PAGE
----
This feature comes in handy when parents want to protect a child with special needs or one who is financially incautious.
Arrangements can also be made where the trustees of the trust make periodic payments to the beneficiary instead of merely giving them a lump sum of the death benefit at once.
Spendthrift clauses prevent your beneficiaries from overspending and keep the money in the trust safe from creditors. Appointed trustees can also pay the beneficiaries bills directly without giving them money. This will provide you with peace of mind as a parent knowing that your child will be well taken care of.
The Cons of Second to Die Life Insurance Policy
Although the advantages of the survivorship insurance policy are plausible, it also comes with its downsides. These cons are given further insight into the section below.
Benefits are Paid Only after the Death of the Second Person
This is the major con of this type of life insurance. None of the insured will ever enjoy the benefits of the insurance even when one of you dies.
Survivorship insurance cannot be used as an income safeguard for when one of the spouses dies.
Additionally, the premiums could also be a burden to the partner left behind. If both spouses were contributing toward paying the premium, the second one to die could have a rough time if they had not planned on how the premiums will be paid when one of them dies.
Most couples do not take up this form of insurance because it provides no benefits to the partner when one of them dies.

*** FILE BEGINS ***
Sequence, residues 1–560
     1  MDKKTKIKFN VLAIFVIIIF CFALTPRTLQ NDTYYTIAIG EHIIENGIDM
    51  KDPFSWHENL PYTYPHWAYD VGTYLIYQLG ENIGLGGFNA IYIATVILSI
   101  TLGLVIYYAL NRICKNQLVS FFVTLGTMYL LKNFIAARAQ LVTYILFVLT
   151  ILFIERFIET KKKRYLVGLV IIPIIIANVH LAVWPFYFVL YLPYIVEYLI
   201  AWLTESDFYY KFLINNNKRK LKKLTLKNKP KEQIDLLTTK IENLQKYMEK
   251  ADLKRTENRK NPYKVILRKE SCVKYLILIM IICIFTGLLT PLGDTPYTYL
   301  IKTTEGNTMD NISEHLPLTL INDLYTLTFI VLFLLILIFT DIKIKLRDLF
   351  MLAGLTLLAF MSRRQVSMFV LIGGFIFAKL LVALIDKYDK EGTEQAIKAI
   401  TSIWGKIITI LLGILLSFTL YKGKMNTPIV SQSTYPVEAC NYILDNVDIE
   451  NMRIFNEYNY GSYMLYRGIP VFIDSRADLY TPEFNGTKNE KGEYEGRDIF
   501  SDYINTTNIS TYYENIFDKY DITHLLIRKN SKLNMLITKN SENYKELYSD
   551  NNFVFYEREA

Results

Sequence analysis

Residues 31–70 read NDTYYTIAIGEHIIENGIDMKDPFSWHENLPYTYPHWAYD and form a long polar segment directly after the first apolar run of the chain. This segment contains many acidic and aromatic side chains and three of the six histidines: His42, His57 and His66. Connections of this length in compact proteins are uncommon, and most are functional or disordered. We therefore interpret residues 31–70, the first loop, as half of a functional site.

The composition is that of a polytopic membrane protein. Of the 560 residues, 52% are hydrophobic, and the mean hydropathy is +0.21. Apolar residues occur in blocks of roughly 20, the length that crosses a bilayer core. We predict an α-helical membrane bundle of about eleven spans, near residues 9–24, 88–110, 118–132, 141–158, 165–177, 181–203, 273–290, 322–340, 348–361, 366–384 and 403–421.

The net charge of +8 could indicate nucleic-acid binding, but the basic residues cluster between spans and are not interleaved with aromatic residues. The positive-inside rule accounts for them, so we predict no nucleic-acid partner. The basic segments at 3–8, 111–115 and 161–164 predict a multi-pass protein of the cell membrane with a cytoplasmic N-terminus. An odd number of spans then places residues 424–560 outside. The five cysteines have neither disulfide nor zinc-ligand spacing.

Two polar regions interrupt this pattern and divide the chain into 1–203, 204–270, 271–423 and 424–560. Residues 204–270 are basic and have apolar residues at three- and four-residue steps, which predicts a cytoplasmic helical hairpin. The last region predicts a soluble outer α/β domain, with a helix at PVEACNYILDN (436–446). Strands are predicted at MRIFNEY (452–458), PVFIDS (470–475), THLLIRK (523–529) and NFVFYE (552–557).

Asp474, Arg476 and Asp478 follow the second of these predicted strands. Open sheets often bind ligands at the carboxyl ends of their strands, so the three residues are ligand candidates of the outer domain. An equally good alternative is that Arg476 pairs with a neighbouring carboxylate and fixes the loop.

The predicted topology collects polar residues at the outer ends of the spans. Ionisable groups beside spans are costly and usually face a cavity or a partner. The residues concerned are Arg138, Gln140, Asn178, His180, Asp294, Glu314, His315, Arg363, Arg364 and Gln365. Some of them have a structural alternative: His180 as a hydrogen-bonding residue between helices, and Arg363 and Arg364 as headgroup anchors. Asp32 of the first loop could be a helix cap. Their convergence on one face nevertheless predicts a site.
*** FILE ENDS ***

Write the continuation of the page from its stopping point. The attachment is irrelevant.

It is also noteworthy to mention that permanent life insurance can be sold to save them from lapsing. If managing the premiums becomes difficult, the spouse who is still alive can sell the insurance through viatical settlements. This option is usually more rewarding than the cash surrender value the insurer is willing to offer.
Subject to Marital Changes
Most couples plan to stay together until death. However, life changes, spouses split up, and marriages break. What you should know is that these changes do not change the terms of agreement of the policy.
Even when a couple decides to get a divorce, the policy continues to remain active until they default on the premiums. It would be quite a loss if, after a decade of paying the premiums, the insureds let it lapse.
Parents can agree to continue paying the premiums, but sometimes this situation is affected if the new partners of the insureds do not want the arrangement to continue. Nonetheless, the policy can always be sold, as I mentioned earlier.
There is No Cash Value
Unlike cash value life insurance, this type of policy does not focus on cash value addition but instead offers the largest death payout possible. Which is pretty awesome.
However, cash value life insurance can help you in increasing your wealth profoundly. The idea is to choose an insurance policy based on what your goals are. But if you can, diversify your portfolio.